an introduction to the
University of Notre Dame

Eric Gill Collection

Special Collections
Hesburgh Library

Special Collections
contact info

acrobat version of this page

scroll to the right

Eric Gill (1882-1940) was an English engraver, sculptor, typographer, and writer who lived and worked in and near London. The University of Notre Dame collection includes over 2,000 items of Eric Gill's work: books, pamphlets, broadsides, prints, greeting cards, calendars, sketches, wood blocks, photographs, and other formats. The Gill Collection also includes many examples of the work by men who worked with or apprenticed with Gill (Hilary Pepler, Philip Hagreen, Joseph Cribb, David Jones, and Desmund Chute), most of the imprints of the Golden Cockerel Press (which produced The Four Gospels engraved by Gill), and an extensive selection of the output from Gill's own St. Dominic's Press. There are hundreds of fine art prints and over 100 photographs of Gill's sculptures. The collection was acquired in 1965 from John Bennett Shaw (Notre Dame alumnus '37), who purchased it from Evan Gill, Eric's brother. Since 1965, the collection has been added to selectively.

The collection has a large and interdisciplinary audience. The Gill Collection encompasses the genres of drawing, sculpture, lettering, engraving, and printing, as well as the intellectual pursuits of art theory, religion, and social philosophy. It is thus of interest to students and researchers in art history, graphic design, the book arts, fine printing and the history of printing, and the social thinking of the late 19th and early 20th centuries. It is also of interest to artists, creative writers, calligraphers, printers, and typographers. A few of the holdings are presented throughout this description to help communicate the range of unique items of Gill's work in the collection.

introduction to Eric Gill's work

To designers, Gill is primarily known for his popular type face designs. Eric Gill designed Gill Sans in 1927, Perpetua and the companion italic Felicity in 1925, and Joanna in 1930. The majority of his type designs were done for Monotype Typography, a company still producing type designs today. There are several Monotype posters and advertisements in the collection.

Also of interest to designers and illustrators are Gill's wood engravings for book illustrations, bookplates, and posters. The collection has both individual proofs of engravings and the books the engravings were used within. There are over 500 examples of Gill's engravings separate from where they were used. Especially of interest to scholars are numerous preliminary drawings for engravings and progression proofs of wood block carving. Documentation such as this are unique to this collection and are unknown to scholars with an interest in this area of Gill's creative work.

To sculptors, Gill is known for his many sculptures and memorials. Gill's professional early career began by carving letterforms in stone for numerous tombstones and memorials within and around London. This work led to a series of stone sculptures exhibited in galleries as well as many architectural sculptures on the BBC Headquarters, London Underground, and other locations. Gill also received numerous commissions for churches and WWI war memorials. The Notre Dame collection contains over 100 photographs of Gill's sculptures. Some document the work in progress and others show the work on site. The collection also contains many unique preliminary drawings for sculptures and stone relief's that are unknown to Gill scholars. There are two drawings for a painting 1/8 full size for the east wall of the tower of St Peter the Apostle. This is a Roman Catholic church designed by Gill located in Gorleston-on-Sea, Great Yarmouth in 1939.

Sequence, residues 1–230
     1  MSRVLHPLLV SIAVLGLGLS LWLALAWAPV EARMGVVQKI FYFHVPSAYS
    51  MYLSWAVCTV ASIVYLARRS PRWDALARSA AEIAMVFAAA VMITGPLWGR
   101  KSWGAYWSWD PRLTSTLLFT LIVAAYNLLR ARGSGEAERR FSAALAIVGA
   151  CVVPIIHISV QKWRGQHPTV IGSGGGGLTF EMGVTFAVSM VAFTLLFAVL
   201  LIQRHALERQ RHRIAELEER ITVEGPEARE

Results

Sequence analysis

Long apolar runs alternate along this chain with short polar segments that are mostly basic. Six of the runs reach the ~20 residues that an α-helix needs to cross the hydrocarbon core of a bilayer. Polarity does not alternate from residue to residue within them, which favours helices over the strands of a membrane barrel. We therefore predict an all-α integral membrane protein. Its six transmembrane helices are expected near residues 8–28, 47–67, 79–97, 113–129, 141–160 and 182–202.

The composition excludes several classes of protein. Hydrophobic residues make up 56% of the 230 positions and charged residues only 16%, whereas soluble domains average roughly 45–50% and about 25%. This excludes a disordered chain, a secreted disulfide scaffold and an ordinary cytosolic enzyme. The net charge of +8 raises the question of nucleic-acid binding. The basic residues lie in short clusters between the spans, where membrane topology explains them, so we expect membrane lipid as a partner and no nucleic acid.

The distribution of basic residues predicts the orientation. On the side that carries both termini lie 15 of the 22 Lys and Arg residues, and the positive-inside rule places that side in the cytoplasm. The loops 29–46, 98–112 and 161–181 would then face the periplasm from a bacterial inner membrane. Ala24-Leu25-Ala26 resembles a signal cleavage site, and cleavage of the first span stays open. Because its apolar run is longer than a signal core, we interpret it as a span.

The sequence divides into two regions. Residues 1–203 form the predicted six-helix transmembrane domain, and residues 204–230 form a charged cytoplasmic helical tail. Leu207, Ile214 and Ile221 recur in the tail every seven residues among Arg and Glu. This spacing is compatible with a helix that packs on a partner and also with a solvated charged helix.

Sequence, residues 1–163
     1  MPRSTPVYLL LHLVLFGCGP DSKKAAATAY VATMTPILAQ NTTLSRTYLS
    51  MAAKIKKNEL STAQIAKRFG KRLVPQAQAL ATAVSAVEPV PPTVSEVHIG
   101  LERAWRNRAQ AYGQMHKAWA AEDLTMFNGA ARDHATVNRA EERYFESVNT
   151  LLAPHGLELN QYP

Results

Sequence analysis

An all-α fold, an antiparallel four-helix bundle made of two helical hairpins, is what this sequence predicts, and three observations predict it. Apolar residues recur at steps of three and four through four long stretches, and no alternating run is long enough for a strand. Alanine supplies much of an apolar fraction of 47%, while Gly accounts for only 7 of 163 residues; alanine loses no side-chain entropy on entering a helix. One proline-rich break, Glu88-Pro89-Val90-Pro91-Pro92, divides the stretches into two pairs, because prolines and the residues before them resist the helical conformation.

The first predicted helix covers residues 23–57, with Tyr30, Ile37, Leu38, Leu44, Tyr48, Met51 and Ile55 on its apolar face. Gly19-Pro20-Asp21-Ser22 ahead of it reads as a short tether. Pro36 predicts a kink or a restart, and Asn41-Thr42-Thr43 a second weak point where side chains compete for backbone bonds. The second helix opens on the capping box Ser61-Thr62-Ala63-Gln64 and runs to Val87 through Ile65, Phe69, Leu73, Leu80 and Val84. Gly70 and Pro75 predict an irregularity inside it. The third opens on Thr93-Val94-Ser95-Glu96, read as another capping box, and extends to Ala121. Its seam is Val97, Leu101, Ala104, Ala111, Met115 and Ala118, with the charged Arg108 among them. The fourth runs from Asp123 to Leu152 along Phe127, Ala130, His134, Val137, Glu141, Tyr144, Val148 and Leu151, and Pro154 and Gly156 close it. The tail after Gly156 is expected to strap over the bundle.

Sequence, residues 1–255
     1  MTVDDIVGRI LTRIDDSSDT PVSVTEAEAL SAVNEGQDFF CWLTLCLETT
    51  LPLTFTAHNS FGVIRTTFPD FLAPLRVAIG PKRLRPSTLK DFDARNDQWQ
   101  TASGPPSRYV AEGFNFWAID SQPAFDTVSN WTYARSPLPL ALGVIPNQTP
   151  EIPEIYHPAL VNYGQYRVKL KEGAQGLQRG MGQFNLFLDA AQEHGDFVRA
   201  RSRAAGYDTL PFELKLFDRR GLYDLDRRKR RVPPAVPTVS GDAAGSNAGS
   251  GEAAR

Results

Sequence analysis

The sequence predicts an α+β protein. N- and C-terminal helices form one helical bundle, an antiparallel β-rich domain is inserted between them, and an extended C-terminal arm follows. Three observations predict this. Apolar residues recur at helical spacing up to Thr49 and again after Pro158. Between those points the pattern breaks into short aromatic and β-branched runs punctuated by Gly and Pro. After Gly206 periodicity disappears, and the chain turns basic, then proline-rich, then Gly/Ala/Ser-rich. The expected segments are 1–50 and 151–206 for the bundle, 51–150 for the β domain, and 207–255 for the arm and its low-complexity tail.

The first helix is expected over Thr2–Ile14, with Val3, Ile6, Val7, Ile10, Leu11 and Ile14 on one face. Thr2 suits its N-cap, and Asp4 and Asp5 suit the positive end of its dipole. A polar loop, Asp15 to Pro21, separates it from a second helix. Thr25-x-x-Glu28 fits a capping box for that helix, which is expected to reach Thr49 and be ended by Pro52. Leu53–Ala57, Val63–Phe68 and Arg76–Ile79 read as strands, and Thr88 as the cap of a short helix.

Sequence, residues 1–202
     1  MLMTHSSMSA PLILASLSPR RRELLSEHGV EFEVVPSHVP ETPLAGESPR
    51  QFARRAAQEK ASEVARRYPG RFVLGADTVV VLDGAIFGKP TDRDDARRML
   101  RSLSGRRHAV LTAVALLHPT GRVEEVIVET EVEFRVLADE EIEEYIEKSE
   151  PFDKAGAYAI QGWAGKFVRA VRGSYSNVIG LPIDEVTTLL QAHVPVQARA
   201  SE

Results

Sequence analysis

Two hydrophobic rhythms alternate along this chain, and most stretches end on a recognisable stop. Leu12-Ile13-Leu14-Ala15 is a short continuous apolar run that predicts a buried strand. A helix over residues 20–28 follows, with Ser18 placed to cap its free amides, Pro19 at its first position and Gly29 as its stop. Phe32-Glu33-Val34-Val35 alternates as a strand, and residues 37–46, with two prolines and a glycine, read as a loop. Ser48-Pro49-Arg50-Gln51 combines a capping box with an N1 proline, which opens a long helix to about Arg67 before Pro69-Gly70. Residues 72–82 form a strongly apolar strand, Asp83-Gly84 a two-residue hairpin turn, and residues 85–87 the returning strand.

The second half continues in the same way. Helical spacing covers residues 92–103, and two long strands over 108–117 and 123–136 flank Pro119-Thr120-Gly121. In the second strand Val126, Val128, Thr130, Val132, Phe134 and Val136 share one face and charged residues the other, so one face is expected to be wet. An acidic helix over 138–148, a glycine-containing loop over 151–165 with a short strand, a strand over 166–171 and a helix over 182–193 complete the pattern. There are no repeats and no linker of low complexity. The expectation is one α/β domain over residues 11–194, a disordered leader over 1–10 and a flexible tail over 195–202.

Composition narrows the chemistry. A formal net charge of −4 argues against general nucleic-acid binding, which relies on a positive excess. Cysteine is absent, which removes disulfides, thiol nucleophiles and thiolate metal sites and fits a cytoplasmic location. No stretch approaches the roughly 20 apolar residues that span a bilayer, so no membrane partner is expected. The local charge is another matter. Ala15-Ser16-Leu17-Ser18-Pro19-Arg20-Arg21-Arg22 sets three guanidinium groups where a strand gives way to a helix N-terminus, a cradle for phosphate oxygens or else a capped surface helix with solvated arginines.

Theologians are aware of Gill because of his writings and lectures on workers' rights and community living. Gill and his associates banded together to not only work together on creative projects, but to live together as a community of faith. One of Gill's early mentors was Fr. Vincent McNabb, the prior of the Dominican house of theological studies. Fr. McNabb introduced Gill to the writings of the well known French philosopher Jacques Maritain, which greatly influenced Gill's ideas on art and philosophy. In 1923 Gill published The Philosophy of Art, the first translation of Maritain in Britain (Notre Dame has five copies of the book).

Fr. McNabb and Maritain are listed among those that helped define the Catholic Worker Movement. There are numerous examples within the collection of the social activism of Gill, Hilary Pepler, and Philip Hagreen. Gill and his colleagues used the facilities of St Dominic's Press to help promote their ideas. For example, there is a poster for Gill's lecture on Catholic Principles & Unemployment and many books published by Pepler. There are also many engraved illustrations by Hagreen for The Cross and Plough, a magazine published by the Catholic Land Movement of England.